Poole: Isa 42:12 - -- In the remotest parts of the world, as well as in Arabia, which was near to them.

In the remotest parts of the world, as well as in Arabia, which was near to them.

Poole: Isa 42:13 - Shall go forth // He shall stir up jealousy // He shall cry, yea, roar Shall go forth to wit, to war, or battle, as this phrase is used, Num 1:3,28 2Sa 11:1 . He shall stir up jealousy he shall stir up himself, and his...

Shall go forth to wit, to war, or battle, as this phrase is used, Num 1:3,28 2Sa 11:1 .

He shall stir up jealousy he shall stir up himself, and his strength, and anger, against the obstinate and implacable enemies of his Son and gospel.

He shall cry, yea, roar as a lion doth upon his prey, and as soldiers do when they begin the battle.

Poole: Isa 42:14 - I have long time held my peace // Now will I cry like a travailing woman // I will destroy and devour at once I have long time held my peace I have for many ages suffered the devil and his servants, tyrants, and idolaters, and persecutors to prevail in the wo...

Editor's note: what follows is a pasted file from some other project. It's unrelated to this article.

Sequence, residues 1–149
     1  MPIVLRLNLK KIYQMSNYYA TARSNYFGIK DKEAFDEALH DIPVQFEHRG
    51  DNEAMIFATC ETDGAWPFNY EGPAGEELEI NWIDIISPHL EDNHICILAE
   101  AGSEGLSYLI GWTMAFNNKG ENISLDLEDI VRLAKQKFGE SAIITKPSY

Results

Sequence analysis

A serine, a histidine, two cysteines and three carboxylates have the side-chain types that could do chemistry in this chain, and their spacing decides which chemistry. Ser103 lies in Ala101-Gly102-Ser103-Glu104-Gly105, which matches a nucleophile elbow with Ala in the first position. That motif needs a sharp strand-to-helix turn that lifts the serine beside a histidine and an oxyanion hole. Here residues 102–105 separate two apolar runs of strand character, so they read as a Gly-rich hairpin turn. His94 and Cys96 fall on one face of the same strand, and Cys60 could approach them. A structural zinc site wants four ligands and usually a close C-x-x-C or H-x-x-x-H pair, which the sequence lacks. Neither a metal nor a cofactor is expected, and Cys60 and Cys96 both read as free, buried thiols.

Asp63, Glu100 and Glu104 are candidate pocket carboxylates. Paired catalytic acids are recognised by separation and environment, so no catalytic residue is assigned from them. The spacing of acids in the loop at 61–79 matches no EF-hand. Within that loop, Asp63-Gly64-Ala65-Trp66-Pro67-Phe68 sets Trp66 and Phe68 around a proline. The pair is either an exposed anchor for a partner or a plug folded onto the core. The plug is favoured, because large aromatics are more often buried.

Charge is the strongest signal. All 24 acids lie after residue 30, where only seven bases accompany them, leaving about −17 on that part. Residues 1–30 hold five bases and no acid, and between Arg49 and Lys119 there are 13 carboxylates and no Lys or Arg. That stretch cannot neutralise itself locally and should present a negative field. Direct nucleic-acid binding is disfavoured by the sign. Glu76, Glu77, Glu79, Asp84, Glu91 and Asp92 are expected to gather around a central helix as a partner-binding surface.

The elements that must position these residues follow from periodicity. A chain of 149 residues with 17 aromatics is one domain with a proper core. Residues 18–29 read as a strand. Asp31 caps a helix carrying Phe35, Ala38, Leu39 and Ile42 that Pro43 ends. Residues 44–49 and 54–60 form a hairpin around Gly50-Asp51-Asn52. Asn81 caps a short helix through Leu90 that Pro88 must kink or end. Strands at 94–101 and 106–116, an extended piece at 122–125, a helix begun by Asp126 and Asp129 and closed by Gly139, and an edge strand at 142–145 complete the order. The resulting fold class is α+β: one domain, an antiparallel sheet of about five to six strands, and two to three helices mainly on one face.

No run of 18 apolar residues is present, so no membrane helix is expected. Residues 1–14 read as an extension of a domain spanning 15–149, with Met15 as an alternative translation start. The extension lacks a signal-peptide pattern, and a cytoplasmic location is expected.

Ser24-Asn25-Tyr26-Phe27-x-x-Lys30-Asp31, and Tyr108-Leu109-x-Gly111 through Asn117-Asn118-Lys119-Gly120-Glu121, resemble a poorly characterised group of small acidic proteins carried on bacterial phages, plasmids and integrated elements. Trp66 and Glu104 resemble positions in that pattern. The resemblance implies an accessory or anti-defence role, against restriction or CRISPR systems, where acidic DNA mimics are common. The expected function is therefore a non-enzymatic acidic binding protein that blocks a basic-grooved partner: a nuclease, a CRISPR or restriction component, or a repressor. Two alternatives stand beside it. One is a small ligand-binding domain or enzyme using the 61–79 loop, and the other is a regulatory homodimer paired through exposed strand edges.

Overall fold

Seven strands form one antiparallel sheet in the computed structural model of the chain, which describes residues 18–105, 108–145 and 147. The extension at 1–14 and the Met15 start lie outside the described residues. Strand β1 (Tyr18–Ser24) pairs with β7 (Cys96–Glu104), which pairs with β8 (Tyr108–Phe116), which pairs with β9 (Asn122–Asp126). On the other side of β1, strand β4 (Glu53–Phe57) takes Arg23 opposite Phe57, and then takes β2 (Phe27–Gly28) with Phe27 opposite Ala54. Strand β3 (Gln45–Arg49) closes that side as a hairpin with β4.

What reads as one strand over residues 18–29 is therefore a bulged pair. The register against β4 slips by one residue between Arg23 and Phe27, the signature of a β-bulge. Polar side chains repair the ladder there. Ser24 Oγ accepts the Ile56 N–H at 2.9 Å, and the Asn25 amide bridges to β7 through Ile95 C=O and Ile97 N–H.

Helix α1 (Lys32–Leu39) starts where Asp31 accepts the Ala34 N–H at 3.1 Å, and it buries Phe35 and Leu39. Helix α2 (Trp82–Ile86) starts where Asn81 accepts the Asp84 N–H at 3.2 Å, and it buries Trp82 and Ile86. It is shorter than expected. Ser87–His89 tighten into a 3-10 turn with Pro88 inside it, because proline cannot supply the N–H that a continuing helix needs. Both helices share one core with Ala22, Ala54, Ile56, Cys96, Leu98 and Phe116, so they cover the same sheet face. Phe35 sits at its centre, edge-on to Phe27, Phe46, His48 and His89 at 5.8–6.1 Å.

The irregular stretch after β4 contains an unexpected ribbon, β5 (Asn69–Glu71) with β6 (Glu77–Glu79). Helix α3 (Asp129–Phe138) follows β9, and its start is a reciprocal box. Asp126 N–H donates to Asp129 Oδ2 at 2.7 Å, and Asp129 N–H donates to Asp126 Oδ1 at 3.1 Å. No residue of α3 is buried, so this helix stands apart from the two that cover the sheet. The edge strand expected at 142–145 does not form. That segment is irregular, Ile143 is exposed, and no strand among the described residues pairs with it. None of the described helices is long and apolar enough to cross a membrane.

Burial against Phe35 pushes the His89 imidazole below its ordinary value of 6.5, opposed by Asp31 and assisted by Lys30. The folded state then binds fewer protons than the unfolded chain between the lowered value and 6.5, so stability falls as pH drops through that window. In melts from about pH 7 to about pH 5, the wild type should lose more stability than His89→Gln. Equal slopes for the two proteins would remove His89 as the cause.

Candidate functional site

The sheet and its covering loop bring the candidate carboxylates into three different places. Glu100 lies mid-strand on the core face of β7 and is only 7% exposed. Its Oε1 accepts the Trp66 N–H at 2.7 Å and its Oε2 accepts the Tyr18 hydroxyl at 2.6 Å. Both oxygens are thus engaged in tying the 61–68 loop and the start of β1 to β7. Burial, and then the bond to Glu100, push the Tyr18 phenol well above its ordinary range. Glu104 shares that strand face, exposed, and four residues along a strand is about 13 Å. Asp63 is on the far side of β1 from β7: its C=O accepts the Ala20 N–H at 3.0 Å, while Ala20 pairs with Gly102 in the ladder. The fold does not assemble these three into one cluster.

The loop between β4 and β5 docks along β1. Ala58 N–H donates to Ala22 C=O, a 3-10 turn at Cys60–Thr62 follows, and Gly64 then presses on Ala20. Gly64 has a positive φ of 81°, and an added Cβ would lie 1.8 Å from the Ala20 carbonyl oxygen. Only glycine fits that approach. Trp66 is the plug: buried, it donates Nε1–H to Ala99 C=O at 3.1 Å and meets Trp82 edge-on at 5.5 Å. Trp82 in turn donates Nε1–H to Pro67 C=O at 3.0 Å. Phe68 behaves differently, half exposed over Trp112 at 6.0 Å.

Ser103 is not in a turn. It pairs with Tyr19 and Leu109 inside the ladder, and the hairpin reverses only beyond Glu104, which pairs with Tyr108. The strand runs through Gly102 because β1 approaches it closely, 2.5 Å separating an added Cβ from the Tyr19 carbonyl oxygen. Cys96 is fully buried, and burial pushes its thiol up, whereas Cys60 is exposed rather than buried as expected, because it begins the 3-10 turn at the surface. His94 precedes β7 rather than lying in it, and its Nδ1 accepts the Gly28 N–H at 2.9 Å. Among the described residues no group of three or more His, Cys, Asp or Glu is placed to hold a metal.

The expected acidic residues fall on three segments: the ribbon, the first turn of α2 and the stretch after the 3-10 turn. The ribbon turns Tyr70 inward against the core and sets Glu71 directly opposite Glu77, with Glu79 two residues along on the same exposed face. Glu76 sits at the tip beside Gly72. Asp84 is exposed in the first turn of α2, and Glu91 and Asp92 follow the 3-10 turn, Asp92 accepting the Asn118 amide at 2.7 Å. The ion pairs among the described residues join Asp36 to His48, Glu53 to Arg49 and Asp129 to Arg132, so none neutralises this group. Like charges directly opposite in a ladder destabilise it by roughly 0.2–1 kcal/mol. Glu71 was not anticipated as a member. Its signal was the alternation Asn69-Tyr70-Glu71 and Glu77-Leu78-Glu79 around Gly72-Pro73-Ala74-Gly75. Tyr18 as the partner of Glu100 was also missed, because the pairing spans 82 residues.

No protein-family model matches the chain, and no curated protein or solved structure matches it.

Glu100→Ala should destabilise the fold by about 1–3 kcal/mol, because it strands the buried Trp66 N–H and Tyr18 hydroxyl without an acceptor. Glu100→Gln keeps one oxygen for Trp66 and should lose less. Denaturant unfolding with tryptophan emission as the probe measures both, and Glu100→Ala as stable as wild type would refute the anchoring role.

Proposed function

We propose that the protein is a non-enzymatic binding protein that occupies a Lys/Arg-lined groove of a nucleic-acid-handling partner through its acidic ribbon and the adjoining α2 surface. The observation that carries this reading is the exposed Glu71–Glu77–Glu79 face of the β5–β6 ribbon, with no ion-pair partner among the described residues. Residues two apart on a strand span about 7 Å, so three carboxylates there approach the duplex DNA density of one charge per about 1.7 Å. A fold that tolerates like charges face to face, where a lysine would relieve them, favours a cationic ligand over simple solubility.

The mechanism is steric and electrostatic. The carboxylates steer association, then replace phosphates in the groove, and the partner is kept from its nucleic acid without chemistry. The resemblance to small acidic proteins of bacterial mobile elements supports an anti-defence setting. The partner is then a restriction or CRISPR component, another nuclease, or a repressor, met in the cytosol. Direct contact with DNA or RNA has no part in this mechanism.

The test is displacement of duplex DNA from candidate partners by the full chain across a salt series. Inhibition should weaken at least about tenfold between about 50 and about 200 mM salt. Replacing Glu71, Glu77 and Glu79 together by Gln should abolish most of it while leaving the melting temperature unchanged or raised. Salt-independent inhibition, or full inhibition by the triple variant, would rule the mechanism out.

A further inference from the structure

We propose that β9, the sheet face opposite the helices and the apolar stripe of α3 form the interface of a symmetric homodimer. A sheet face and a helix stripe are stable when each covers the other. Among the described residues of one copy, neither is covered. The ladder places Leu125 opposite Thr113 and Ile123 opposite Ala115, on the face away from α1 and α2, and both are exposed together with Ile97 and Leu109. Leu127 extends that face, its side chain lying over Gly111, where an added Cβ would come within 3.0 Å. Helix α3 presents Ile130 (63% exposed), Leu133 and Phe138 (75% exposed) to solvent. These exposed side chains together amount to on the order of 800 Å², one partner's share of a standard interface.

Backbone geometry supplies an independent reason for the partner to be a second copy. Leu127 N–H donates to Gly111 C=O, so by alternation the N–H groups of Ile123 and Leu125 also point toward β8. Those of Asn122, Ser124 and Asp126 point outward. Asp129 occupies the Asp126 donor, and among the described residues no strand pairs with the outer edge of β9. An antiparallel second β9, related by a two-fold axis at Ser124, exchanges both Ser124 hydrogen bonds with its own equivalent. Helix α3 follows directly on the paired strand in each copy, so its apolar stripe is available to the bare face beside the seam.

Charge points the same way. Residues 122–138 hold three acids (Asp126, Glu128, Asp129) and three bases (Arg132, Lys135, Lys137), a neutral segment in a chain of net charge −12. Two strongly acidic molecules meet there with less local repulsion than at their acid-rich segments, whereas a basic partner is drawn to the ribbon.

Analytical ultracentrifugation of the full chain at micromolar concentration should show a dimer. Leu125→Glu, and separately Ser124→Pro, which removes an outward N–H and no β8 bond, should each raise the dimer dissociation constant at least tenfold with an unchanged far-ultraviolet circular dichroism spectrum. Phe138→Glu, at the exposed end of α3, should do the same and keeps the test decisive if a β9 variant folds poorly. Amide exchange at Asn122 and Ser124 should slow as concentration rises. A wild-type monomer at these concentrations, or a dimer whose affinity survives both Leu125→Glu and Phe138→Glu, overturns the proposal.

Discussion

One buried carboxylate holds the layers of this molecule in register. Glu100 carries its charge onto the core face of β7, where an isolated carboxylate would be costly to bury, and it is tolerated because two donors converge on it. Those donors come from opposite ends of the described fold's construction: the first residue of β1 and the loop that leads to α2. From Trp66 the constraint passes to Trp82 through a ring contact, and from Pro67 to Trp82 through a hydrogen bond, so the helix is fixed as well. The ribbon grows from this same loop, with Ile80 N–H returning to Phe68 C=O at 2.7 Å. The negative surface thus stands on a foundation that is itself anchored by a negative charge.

I have long time held my peace I have for many ages suffered the devil and his servants, tyrants, and idolaters, and persecutors to prevail in the world, to afflict my people, and to hinder the entertainment of my doctrine and worship in the world.

Now will I cry like a travailing woman now I will bring forth and accomplish that glorious work which I have long conceived in my mind.

I will destroy and devour at once I will suddenly and utterly destroy the incorrigible enemies of my truth, and of my Son’ s kingdom. He alludes to those wild beasts which open their mouths wide, and devour all their prey at one morsel, or at one time.

Poole: Isa 42:15 - I will make waste mountains and hills // I will dry up the pools I will make waste mountains and hills not dry and barren ones, for these were waste already, but such as are clothed with grass and herbs, as the fol...